Most of the uncertainty surrounding the short term outlook for Toronto’s condo market has to do with the roughly 147 condos currently under construction and the unknown percentage that were purchased by investors versus future home owners. The theory is that if the percentage owned by investors is high we might see some downward pressure on the condo market should these investors decide to sell in large numbers once their condos are registered.
Here it’s worth drawing a distinction between condo investors and condo speculators. Condo speculators have no plans of ever holding on to their units, they buy condos in the pre construction phase when they are cheaper for the sole purpose of flipping them at a higher price once the condo is completed. Condo investors like speculators also benefit from the increase in value from the time they buy to the time their condo is completed, but unlike speculators they hold on to the condo as a source of rental income.
A recent CMHC report highlights the difference in vacancy rates between condominium apartments and regular apartments. Since 1995, vacancy rates in condominiums have been significantly lower than vacancy rates in apartment buildings. In 2007, the vacancy rate in condominiums was below 1% compared to over 3% for regular apartments.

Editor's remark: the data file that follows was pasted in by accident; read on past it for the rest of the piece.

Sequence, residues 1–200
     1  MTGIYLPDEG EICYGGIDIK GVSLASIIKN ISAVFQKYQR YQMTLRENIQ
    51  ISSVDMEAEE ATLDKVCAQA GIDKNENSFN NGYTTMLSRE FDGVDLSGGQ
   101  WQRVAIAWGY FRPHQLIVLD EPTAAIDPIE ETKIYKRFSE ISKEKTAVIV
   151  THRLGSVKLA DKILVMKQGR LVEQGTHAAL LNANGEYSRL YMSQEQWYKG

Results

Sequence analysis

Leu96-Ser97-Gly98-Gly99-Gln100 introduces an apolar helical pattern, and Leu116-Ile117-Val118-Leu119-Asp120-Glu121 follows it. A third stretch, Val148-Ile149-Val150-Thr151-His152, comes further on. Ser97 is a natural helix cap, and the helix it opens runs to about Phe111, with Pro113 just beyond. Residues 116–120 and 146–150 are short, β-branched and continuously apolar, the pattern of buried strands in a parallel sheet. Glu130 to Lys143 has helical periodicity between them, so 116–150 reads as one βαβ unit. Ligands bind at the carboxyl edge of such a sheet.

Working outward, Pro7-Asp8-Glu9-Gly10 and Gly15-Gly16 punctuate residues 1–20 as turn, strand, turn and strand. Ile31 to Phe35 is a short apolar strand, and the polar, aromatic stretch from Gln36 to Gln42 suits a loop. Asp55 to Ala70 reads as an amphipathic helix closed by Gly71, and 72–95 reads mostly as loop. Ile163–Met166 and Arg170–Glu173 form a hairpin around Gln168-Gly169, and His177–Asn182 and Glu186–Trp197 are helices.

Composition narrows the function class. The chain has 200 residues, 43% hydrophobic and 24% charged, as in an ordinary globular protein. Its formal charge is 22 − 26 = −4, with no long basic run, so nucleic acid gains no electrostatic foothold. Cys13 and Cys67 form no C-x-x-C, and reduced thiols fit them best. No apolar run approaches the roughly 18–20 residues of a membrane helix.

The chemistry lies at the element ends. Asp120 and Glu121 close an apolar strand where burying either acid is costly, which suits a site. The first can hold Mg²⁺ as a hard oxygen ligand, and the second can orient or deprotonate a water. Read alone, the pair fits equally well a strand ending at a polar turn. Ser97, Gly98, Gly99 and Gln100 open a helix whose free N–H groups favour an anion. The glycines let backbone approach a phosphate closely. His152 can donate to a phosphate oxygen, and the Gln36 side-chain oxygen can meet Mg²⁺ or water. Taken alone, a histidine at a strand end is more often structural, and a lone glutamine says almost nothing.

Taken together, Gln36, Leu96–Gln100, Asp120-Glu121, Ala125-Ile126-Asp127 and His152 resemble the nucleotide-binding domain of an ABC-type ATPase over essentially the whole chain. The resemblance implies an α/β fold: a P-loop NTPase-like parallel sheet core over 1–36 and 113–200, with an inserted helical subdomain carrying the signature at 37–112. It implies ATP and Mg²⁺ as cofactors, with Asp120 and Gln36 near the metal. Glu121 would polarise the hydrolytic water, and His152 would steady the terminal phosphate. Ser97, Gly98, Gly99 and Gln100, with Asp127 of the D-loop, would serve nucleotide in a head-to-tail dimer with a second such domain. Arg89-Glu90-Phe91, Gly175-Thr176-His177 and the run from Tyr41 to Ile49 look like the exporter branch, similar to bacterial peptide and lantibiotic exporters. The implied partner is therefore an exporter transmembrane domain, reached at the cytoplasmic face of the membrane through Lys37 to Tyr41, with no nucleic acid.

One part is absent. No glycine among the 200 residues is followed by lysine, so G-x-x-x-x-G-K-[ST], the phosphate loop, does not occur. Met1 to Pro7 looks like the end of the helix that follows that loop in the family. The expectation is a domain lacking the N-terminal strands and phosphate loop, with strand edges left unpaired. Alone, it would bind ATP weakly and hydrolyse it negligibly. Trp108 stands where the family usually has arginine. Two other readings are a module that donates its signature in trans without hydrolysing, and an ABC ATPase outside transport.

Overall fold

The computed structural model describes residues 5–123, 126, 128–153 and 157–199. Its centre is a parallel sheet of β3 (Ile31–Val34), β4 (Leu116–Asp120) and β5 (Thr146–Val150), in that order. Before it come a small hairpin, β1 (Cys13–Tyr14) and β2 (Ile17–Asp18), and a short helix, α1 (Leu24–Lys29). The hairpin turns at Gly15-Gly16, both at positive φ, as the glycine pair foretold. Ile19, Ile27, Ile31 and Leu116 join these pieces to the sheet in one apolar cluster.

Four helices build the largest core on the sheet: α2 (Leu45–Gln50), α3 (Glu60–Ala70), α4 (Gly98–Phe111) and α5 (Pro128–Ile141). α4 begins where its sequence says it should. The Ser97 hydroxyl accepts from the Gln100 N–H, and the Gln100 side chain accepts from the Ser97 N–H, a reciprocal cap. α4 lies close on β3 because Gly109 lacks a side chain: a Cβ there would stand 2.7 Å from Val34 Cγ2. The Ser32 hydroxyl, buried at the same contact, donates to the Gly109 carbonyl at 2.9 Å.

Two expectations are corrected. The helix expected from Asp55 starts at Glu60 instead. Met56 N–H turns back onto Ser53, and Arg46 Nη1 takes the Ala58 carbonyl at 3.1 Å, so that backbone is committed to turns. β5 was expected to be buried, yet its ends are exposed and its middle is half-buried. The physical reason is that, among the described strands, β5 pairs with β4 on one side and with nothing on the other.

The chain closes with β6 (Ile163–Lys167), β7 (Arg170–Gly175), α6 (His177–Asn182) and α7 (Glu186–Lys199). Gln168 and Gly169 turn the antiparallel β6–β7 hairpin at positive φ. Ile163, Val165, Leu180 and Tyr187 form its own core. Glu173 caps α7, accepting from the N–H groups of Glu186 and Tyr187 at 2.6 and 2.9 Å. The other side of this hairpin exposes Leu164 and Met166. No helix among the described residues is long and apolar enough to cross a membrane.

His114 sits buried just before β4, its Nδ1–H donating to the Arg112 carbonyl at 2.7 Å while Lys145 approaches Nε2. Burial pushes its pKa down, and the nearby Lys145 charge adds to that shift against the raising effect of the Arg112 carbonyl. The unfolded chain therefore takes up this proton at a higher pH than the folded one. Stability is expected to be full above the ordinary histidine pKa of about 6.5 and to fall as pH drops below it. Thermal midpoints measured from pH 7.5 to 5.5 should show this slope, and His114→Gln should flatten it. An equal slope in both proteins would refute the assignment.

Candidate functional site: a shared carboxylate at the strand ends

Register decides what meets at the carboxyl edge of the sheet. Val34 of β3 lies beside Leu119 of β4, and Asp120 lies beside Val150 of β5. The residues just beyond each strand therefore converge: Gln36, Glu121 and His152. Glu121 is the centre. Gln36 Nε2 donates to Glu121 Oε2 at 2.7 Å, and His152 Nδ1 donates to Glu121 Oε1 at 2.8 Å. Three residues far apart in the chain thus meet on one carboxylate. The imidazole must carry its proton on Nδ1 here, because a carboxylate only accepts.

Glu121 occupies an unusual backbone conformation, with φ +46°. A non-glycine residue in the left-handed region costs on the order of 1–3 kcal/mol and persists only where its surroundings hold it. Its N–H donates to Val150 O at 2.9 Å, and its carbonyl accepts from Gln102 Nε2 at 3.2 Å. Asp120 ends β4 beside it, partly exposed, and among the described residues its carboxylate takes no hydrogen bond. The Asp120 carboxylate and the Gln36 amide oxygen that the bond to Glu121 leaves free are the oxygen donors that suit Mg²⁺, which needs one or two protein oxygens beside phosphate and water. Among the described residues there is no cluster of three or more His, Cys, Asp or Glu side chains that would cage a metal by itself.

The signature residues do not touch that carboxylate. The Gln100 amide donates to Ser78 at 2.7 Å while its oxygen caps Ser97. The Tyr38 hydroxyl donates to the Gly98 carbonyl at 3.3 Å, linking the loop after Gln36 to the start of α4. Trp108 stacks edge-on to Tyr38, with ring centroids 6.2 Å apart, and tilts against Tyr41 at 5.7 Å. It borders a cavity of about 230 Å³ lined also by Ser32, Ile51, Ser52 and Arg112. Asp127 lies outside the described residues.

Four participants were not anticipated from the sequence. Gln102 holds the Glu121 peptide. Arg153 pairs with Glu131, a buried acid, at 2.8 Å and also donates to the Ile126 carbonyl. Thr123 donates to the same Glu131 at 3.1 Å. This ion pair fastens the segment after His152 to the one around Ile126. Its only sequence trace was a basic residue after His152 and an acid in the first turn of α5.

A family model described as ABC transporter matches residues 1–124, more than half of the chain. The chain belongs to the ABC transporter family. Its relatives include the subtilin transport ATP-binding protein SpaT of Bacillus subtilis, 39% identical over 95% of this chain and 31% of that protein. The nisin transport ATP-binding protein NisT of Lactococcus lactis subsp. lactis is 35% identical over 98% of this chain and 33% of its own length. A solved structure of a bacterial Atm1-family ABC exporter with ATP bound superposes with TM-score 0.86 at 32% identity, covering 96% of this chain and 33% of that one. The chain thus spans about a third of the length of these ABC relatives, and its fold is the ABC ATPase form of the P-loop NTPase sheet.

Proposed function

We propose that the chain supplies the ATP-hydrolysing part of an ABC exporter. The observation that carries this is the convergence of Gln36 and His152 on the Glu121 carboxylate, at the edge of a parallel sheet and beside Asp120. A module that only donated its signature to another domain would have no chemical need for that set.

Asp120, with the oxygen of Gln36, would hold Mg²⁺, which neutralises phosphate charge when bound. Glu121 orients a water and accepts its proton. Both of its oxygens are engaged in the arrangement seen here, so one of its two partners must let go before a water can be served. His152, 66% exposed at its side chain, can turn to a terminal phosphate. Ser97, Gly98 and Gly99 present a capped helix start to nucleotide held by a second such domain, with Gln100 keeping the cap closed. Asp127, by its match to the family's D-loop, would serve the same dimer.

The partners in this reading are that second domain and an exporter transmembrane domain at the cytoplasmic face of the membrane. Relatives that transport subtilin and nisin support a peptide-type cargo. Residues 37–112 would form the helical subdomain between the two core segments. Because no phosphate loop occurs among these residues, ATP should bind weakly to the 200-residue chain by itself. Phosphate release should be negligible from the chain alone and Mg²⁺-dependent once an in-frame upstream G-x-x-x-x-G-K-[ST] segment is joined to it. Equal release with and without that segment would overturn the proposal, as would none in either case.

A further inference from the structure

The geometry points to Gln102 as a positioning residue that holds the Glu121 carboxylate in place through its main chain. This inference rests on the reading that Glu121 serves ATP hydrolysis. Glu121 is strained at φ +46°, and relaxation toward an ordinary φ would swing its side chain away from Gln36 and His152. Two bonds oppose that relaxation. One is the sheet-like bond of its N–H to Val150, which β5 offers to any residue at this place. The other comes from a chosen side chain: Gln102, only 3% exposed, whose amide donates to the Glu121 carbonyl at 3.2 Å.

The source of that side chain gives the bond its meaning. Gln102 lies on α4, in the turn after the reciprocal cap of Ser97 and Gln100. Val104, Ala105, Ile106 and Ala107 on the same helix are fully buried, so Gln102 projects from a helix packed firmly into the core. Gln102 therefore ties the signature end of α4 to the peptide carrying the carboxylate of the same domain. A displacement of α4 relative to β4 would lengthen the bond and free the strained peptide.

Last week the CMHC reported that the vacancy rate reached its lowest level in seven years. The vacancy rate for all apartments dropped to 2.1% from 3.2% the previous year while the condominium sector saw a very low .4% vacancy rate, down from .7% the previous year.
A low vacancy rate is good news for Toronto condo investors and may provide some relief to speculators who might choose to rent their units instead of sell them in 2009/2010.
December 16, 2008Market |